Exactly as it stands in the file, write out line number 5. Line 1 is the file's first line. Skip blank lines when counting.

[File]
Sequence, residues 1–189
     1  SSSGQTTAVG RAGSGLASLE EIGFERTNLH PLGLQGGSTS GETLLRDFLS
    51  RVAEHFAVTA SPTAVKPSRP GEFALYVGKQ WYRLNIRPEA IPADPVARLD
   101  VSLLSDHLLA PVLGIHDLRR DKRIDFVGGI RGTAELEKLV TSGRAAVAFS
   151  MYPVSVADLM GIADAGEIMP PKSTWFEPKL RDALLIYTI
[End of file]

   151  MYPVSVADLM GIADAGEIMP PKSTWFEPKL RDALLIYTI